Ballet has been an admired art form for centuries and requires both mental and physical discipline. The dancers have to use all their strength to create and hold shapes with their bodies whilst remaining flexible and expressive. To capture ballet dancers in action requires a real sensitivity and an understanding of the art form.

Art photographer Ingrid Bugge spent almost two years with the Royal Danish Ballet capturing images of the dancers in a stunning photographic project that included manipulated images, collages and sequences to recreate the magic and beauty of watching the dancers in real life performance. These images have been culminated in ‘The Essence of Ballet’ which, at present, has three parts, a book, an exhibition and an iBook.

Bugge has a lifelong love of photography and counts Rembrandt and Leonardo Da Vinci as some of her artistic inspirations, particularly in the way they utilise light and capture the natural sinuosity of the human body. The artist is also fascinated at the way the human body moves and how bodies can interact with each other. In her project, she has done more than just captured the elegance of the movements, she has managed to encapsulate the passion and expression that each dancer puts into every movement. Much like her influence Da Vinci, Bugge pays attention to the surrounding story of each image as well; in many of the shots the focus is on the main dancer of the scene, but the bodies and shapes made of the supporting dancers are still visible and are incorporated into the complete picture. As well as manipulating the images in post-production, Bugge also used different viewpoints to capture the shapes and silhouettes created by the dancers. In one shot from ‘La Bayadére’, Bugge shot the corps de ballet (the supporting dancers) from above, showcasing the precisely calculated shapes created by the choreographer whilst showing the grace and artistry of each dancer. It is very easy to not notice the part that the dancers’ costumes play in creating a complete visual masterpiece, but Bugge also highlights how the material flows and twirls, like an echo of the dancers’ movements.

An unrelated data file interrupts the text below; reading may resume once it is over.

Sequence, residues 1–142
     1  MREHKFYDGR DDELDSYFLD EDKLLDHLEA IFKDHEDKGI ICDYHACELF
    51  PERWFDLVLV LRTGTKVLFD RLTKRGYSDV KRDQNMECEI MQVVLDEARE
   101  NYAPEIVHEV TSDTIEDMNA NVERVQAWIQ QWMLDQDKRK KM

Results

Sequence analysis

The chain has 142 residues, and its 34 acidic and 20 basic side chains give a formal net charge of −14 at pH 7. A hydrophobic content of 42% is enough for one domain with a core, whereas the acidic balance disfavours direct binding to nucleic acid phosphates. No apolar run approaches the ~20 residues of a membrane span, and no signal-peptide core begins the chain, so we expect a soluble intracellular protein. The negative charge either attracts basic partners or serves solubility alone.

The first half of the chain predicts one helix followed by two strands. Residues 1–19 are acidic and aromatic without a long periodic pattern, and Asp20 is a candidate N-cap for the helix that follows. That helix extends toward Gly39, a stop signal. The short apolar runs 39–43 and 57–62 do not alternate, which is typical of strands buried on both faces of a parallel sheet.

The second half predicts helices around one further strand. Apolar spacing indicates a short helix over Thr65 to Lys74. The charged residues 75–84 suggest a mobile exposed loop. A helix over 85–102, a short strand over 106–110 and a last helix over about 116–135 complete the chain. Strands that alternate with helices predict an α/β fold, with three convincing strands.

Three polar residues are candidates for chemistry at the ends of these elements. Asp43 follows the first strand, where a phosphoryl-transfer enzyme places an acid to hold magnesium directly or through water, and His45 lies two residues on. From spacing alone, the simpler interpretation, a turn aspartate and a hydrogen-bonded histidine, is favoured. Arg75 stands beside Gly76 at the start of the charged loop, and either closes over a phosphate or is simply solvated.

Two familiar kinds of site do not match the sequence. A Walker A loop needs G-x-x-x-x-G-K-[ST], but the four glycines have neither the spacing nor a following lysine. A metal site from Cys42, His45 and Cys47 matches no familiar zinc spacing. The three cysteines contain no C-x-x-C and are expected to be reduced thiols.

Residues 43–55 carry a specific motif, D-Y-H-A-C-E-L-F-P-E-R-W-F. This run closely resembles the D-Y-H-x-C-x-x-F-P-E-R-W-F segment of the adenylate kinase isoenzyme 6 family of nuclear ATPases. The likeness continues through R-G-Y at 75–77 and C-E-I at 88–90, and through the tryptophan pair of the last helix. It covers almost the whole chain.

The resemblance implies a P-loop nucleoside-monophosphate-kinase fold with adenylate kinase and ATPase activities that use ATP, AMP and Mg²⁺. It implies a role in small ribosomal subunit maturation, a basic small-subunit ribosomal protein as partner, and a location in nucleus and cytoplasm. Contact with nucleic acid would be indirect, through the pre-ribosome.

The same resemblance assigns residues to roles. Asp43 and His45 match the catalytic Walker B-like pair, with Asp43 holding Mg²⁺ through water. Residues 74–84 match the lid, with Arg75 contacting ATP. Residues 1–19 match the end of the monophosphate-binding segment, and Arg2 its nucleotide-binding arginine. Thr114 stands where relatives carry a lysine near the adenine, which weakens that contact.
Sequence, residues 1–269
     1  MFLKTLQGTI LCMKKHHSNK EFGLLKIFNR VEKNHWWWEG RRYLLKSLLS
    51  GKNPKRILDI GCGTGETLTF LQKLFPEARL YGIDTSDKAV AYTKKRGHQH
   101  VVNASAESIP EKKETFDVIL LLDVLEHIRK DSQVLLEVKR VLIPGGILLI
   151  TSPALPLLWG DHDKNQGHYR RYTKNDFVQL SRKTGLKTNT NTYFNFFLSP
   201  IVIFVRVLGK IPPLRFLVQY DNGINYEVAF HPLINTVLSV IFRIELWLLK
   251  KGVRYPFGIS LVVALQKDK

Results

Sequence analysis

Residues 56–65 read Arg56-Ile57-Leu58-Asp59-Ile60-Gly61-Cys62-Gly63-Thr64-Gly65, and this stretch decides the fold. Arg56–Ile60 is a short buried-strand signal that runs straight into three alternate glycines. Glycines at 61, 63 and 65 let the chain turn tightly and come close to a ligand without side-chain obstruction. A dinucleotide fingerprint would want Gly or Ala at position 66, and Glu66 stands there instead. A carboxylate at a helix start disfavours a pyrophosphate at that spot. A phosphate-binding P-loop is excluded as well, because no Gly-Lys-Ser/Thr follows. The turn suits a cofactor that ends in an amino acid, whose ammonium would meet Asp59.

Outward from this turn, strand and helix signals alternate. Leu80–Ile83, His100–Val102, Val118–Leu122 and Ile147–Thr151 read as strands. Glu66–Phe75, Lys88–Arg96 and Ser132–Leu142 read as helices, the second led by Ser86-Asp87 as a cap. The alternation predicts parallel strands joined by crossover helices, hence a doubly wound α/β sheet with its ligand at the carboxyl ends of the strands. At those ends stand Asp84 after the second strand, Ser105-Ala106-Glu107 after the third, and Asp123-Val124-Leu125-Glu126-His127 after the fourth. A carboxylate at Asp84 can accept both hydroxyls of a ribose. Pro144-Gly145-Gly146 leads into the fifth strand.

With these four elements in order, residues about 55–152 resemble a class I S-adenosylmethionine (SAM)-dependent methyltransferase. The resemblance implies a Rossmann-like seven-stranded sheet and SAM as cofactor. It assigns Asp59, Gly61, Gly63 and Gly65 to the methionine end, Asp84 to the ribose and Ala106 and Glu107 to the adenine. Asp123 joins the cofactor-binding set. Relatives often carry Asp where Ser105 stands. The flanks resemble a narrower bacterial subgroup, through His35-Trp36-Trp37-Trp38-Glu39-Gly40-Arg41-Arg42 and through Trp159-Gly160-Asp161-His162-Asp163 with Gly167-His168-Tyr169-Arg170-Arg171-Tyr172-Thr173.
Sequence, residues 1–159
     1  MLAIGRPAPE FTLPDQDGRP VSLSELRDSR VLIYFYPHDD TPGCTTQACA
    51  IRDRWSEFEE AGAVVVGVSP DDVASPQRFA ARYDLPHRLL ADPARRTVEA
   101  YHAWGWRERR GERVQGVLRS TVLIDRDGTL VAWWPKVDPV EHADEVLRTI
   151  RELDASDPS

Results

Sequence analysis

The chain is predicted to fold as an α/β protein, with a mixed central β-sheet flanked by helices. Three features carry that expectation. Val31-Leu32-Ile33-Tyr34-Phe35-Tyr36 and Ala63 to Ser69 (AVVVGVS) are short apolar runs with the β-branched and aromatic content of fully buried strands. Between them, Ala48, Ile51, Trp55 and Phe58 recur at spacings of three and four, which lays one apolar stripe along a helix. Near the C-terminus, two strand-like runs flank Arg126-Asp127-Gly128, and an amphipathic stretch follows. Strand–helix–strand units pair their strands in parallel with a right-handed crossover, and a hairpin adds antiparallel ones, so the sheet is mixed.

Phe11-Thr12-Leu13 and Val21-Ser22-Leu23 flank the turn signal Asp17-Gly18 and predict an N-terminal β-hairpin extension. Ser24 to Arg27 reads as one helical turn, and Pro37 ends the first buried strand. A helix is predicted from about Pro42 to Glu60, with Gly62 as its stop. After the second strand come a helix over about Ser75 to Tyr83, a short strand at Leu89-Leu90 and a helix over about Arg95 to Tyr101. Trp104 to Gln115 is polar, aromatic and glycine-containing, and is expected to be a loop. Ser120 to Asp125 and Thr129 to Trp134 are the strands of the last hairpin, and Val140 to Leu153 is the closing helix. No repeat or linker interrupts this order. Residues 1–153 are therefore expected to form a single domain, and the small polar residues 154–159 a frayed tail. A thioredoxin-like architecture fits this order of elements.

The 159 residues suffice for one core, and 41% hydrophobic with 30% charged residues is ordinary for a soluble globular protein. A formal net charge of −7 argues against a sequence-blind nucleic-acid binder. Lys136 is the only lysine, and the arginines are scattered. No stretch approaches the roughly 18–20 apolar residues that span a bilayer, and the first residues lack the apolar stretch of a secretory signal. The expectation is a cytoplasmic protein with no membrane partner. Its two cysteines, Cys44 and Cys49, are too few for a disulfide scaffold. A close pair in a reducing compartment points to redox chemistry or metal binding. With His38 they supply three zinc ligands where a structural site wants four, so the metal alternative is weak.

Many of the shots are captured whilst the dancers are leaping or twirling, both showing their athleticism and making them look ethereal. When you look at the images, you can almost hear the music as Bugge has truly captured how the ballet dancers use their bodies to respond to the orchestra’s cues and express the emotions behind each story. In the iBook, you can click on some images to reveal the frame by frame path of movement. She has also created evolving photo collages so the background dancers and various parts of the scene gradually appear, as if they are slowly unveiling themselves.

In ‘The Essence of Ballet’, Bugge has truly shown the various dimensions and dynamics of the art of ballet in a captivating and almost haunting way.

 

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